Tagine
Fish chermoula
Harira
Kefta tagine
Couscous

Q11: What should I bring on a camel trek?

When you send a deposit Sahara Luxury Tours will send an information package of what to bring and what to expect while travelling in Morocco.

Q12: On overnight camel treks, will sleeping bags and sheets will be provided?

Warm wool blankets are provided as well as pillows and sheets and foam sleeping mats. Winter nights (November to early March) can be very cold in the desert dunes at night because sand doesn’t hold in any heat. The wool tents can be quite warm. We provide some sleeping bags, but in limited supply. In high season (Christmas and New Years) visitors might consider bringing their own.

Q13: What kind of accommodation do you use?

We normally use 2, 3, or 4 star level medina riads, auberge (small country inns) and hotels.
Hotel stays include a full (not continental) breakfast and many include dinner. You will stay in traditional mud kasbahs, many with wood burning fireplaces, air conditioning, salons and roof terraces for meals and relaxing. They are charming and comfortable but tend to be cold in the winter in the higher elevations mountain locations or desert. In Marrakech, Essaouira and Fes we use smaller hotels renovated from beautiful old Merchant houses – riads in the old medina. In Casablanca we use a modern hotel downtown.

Q14: Do I need travel insurance in Morocco?

Travel insurance should be obtained before leaving your country of origin. We never force anyone to purchase it however. Local hospitals have limited diagnostic capability. Foreign clinics can be expensive, evacuation can cost thousands, luggage can disappear, so insurance is a good idea. We recommend World Nomads for good deals and excellent service for medical and personal property insurance for those who are under 60 years of age.

Q15: Do you employ local people?

Yes! All our employees are Moroccan – muleteers, camel handlers, drivers, guides, hoteliers, and we have forged multiple relationships that translate into employment for many families. Many riads in Marrakech are run by Europeans – we try to use Moroccan owned as much as we can. In Marrakech, we use a small riad owned and run by a Moroccan family. Sahara Luxury Tours only employs one foreigner, the rest are Moroccans living and working in Morocco.

Q16: Do you ensure that local people are given a fair price for their work?

Local people are sometimes badly paid. For example a porter or a muleteer with a mule receives the Morocco Tourism Ministry recommended minimum. We strive to pay higher than this and we also provide a pension for our full time employees. Also your tip is important to support their livelyhood.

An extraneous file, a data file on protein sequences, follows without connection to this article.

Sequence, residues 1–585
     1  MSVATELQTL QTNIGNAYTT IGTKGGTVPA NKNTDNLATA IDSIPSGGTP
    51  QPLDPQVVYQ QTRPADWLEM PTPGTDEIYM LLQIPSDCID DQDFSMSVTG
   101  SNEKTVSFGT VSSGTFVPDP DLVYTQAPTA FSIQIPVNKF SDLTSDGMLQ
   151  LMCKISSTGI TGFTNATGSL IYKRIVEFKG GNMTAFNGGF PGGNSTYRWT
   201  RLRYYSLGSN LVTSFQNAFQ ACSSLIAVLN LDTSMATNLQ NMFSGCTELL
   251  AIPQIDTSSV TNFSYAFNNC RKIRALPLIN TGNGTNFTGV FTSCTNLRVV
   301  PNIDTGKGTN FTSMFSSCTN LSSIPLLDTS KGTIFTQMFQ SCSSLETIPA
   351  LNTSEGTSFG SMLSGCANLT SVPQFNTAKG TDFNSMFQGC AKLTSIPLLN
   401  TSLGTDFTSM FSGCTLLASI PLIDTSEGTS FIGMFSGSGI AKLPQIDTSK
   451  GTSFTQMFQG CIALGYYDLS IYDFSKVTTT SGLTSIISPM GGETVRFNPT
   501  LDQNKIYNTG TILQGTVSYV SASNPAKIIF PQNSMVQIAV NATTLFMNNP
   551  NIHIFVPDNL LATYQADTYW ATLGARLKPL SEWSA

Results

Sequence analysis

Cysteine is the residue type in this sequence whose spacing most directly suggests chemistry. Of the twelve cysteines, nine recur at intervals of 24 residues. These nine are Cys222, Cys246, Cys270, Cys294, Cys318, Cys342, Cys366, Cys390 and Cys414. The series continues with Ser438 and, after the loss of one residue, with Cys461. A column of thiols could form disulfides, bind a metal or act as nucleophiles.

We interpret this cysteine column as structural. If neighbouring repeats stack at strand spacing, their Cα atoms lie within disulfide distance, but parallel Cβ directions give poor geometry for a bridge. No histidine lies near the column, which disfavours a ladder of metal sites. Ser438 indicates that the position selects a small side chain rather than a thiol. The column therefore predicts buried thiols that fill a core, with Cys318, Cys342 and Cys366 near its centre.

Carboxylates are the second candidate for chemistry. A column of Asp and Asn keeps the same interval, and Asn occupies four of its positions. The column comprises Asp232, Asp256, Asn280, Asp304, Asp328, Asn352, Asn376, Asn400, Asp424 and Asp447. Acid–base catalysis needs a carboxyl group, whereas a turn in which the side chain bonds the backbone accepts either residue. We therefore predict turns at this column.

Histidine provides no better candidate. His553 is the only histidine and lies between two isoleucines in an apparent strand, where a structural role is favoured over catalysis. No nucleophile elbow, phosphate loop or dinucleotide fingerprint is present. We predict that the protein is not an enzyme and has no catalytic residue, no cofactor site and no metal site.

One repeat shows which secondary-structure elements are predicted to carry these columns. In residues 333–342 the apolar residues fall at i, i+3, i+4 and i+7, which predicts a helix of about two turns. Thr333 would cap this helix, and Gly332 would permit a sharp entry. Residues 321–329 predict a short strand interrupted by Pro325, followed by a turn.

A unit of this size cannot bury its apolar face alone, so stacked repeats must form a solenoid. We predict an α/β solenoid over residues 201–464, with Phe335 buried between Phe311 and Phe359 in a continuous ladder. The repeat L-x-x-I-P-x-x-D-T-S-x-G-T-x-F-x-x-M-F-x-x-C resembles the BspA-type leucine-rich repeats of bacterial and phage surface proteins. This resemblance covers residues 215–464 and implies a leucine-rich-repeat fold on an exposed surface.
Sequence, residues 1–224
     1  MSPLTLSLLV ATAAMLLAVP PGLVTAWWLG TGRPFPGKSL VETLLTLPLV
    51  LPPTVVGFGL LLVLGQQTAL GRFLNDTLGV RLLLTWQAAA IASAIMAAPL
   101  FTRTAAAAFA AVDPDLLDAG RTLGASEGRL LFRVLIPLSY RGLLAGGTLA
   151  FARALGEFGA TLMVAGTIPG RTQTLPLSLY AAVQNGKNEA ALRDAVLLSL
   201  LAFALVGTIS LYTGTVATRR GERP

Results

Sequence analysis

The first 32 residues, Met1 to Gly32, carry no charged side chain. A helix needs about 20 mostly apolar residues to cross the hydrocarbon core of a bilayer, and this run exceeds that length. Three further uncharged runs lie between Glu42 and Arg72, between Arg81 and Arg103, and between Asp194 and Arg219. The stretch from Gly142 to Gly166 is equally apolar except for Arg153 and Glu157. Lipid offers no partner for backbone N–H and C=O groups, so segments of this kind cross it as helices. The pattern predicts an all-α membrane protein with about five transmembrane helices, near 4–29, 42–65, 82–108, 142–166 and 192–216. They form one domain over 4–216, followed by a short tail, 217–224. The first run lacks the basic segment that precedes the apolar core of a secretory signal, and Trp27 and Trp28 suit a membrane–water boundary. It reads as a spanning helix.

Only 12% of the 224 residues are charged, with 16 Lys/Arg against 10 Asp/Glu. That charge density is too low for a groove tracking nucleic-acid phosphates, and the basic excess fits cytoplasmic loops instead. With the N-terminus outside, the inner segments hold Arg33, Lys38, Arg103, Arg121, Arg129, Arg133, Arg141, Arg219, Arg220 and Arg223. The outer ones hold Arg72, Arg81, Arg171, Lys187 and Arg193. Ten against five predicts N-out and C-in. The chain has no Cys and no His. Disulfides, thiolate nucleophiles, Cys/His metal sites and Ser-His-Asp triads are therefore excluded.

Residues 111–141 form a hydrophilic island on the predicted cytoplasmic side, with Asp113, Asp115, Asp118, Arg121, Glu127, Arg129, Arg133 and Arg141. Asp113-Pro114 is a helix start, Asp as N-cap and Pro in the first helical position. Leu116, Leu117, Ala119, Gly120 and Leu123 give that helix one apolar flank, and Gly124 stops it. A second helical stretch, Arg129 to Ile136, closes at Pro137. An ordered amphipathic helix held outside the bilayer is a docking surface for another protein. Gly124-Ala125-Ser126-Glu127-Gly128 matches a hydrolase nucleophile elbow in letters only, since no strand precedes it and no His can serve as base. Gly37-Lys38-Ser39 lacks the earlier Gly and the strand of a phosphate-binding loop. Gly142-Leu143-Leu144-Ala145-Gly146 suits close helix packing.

Q17: Are local people whose villages and homes visited happy about tourism?

People are happy to have visitors because tourism helps support the local economy with cash, spreading wealth from local artisans (often women), shopkeepers, cafes, guides (often young men supporting their family) and beyond. Many rural economies are still based on the barter system.

Q18: What is your recommendation about giving money or presents?

The social support system of Morocco is to give alms to the poor, especially during Ramadan. That said, you may want to assess how needy someone really is before giving a few dirhams to anyone begging on the street. There are a number of scams based upon organised begging. Please, never give anything to children, no matter how needy they may appear to be. Pedophilia is on the rise in Morocco, especially in Marrakech and giving encourages children to freely approach foreigners.

Q19: Do you try to minimise any impact on the environment?

Do guides allow clients to buy illegal artifacts or animal products?
We inform our guides to avoid any illegal occurrences as outlined in the Geneva Convention for acquiring cultural property or endangered species. As well we strongly discourage anyone from purchasing anything that compromises the wild population of plants or animals in Morocco.

Q20: How do I reserve a tour?

What does a tour with Sahara Luxury tours cost?
Do you have references?
Our prices might be a bit higher than some other companies who offer similar tours because we believe in paying all our drivers well and provide retirement pensions. Cheaper tours will find their drivers sleeping in their vehicle to save money. Our drivers are provided with a hotel and shower and meals every day while on tour.